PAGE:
SQL Server Indexes
An index in a table improves the query performance by speeding up the data lookup. By default, a query analyzer does a sequential scan on every row in a table until it finds the searched result. An index scan is much faster because an index acts as a pointer reference to the rows address in a table.
Types of Indexes
Indexes are classified as primary, clustered, and secondary indexes.
A clustered index determines the physical order of data in a table. In other words, an index decides the sequence in which the data gets stored in that table. When you create a primary key, a default clustered index is created on the column, and all the rows get sorted based on the primary key column. There can only be one clustered index in a table.
- Step 1. Create a table with no Primary Key
USE ADVENTUREWORKSGOCREATE TABLE Humanresources.emp(ID INT IDENTITY,NAME NVARCHAR(40),EMAIL NVARCHAR(40),DEPARTMENT NVARCHAR(30));
- Step 2. Insert rows
--Insert 100000 rows using the while counterSET NOCOUNT ONDeclare @counter int = 1While(@counter <= 100000)BeginDeclare @Name nvarchar(40) = 'name' + RTRIM(@counter)Declare @Email nvarchar(40) = @Name + RTRIM(@counter) + '@domain.com'Declare @Dept nvarchar(30) = 'Dept' + RTRIM(@counter)INSERT INTO HumanResources.emp values(@Name, @Email, @Dept)set @counter += 1End
- Step 3. Enable the Estimated and Actual Execution Plan in SSMS and execute the below query
SELECT * FROM Humanresources.emp WHERE ID=20493
It runs a complete table scan on all the 100000 records with a higher estimated subtree cost.
Improve performance with a Primary key constraint
--Create a PK on ID tableALTER TABLE Humanresources.empADD CONSTRAINT PK_EMP PRIMARY KEY(ID)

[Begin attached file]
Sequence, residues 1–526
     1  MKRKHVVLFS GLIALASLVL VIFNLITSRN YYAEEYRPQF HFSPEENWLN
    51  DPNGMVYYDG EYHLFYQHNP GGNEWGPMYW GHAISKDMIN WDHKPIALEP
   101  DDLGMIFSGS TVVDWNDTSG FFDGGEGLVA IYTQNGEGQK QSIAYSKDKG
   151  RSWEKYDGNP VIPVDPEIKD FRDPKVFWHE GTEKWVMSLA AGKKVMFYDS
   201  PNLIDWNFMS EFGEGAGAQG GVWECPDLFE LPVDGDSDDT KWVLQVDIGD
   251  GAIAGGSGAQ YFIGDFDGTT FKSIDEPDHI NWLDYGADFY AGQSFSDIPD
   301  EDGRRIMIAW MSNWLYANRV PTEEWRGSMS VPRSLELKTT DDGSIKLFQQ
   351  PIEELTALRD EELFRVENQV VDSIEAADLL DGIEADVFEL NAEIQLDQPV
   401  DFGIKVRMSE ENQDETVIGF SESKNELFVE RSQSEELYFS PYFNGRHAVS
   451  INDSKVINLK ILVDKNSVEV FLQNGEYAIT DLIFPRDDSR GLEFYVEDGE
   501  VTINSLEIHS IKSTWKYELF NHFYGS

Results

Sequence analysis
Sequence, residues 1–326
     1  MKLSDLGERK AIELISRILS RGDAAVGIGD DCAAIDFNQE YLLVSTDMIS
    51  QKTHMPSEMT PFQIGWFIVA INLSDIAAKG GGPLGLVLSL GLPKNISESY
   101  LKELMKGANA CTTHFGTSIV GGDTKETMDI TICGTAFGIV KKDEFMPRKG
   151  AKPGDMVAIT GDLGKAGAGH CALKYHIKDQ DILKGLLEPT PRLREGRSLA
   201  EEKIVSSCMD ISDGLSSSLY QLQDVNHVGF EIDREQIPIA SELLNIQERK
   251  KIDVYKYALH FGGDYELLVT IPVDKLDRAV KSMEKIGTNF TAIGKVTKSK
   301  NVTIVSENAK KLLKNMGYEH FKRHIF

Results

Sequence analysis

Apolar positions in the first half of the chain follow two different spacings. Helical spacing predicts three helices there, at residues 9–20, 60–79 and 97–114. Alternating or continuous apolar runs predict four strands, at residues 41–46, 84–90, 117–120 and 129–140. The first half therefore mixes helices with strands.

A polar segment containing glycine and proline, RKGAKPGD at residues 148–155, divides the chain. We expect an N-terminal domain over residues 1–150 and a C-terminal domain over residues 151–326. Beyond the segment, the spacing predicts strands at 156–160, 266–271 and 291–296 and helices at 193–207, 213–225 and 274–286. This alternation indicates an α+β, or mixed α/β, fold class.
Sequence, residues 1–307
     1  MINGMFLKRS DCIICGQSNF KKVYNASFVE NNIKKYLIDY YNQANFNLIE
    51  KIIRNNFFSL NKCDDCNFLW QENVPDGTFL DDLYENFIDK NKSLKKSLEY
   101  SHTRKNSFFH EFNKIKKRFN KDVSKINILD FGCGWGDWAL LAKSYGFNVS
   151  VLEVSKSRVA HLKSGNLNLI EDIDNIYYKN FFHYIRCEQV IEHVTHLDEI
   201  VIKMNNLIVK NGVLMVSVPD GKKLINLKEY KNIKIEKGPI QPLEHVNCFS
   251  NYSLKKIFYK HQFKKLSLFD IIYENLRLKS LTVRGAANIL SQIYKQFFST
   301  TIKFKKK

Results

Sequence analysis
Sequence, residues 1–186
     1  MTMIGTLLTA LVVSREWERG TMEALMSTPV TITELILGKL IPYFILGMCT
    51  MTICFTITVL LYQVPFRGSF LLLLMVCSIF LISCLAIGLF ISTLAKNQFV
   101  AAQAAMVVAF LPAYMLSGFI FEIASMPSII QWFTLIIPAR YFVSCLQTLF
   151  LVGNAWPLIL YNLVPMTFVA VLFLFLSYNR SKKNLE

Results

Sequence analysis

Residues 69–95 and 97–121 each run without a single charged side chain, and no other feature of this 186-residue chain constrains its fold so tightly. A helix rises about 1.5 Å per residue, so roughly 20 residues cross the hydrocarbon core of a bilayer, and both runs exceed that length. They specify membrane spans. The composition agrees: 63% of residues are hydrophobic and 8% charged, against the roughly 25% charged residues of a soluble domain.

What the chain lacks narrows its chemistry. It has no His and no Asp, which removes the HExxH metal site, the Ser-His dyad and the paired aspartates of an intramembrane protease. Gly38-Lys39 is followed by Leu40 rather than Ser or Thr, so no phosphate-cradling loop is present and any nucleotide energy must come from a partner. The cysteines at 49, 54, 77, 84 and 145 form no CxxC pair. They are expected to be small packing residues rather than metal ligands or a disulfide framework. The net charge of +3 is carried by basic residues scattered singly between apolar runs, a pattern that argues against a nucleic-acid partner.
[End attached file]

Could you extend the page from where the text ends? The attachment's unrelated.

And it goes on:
Re-run the above select query.
The query analyzer now seeks ID in the clustered index and scans the column 'ID' alone. The number of rows read are just 1 in this case. Also, the estimated subtree cost is reduced to 0.003281.
As an alternate method, you can explicitly create a clustered index in a table.
Create a Clustered Index
--Create clustered index syntaxCREATE CLUSTERED INDEX <index_name>ON [SCHEMA].[TABLE_NAME] (COLUMN_NAME)
You can also use a combination of columns to sort the records based on the Gender (descending) column followed by the Salary(ascending) column.
--Clustered index on 2 columnsCREATE CLUSTERED <Index name>ON Humanresources.emp (Gender DESC, Salary ASC);
Such an index is called Composite Clustered Index.
To summarize, the select query on clustered indexed column(s) first scans through the indexed column. The scan is faster as the records are sorted and stops as soon as there is a mismatch.
A nonclustered index creates a separate index table to store the sorted column values; and a pointer reference to the records called the ROWID (Pseudocolumn). A ROWID is a unique hexadecimal value that stores the actual physical address of a row.
Querying a table based on a column that is not indexed results in a high subtree cost.
SELECT * FROM Humanresources.emp WHERE NAME='name82488'
Once you create a non-clustered index on the 'Name' column, the execution plan follows an optimized sequence to query the result.
Create a nonclustered Index
--nonclustered index syntaxCREATE NONCLUSTERED INDEX NC_EMP_NAMEON HUMANRESOURCES.EMP(NAME);
Re-run the above select query-
Execution Plan analysis
The execution plan is read from right to left and top to bottom.
The analyzer scans through the non-clustered index on the 'name' column for the matching value. And then the corresponding pointer address(RowID) of the row is picked.
The number of rows read equals 1 in this case.
The primary key clustered index does a key lookup for the row with the ROWID pointer address.
Nested loops use inner join between the index and the table to fetch the matching record.
The final select query prints the record with an improved Subtree cost from 1.09254 to 0.00657.
DROP command to delete an index, like so:
ALTER TABLE Humanresources.empDROP NC_EMP_NAME
As a best practice, create a single clustered index in a table and create a non-clustered index only on the most queried columns.
Note: The Operator/Subtree/CPU cost in the execution plan vary depending on your system resources allocation.
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